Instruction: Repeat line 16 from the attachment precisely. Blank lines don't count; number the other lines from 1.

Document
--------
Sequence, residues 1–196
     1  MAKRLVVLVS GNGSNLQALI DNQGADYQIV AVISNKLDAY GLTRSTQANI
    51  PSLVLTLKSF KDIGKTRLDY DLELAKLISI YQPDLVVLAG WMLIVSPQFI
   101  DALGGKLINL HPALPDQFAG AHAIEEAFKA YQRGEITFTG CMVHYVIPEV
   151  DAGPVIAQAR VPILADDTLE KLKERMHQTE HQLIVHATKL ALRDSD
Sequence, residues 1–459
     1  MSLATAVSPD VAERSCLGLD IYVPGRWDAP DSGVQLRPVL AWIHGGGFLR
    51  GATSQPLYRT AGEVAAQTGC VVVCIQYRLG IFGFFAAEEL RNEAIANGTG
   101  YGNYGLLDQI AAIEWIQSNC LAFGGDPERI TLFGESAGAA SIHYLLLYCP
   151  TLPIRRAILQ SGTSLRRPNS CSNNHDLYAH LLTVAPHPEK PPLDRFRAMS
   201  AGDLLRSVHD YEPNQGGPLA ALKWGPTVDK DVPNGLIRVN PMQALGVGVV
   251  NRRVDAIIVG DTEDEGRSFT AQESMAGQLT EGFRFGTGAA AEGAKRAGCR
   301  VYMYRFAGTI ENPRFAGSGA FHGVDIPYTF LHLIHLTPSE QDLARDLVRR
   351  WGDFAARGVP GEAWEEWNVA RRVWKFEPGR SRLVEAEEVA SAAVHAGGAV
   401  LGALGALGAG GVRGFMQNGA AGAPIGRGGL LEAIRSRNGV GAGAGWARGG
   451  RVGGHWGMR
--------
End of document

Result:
   451  RVGGHWGMR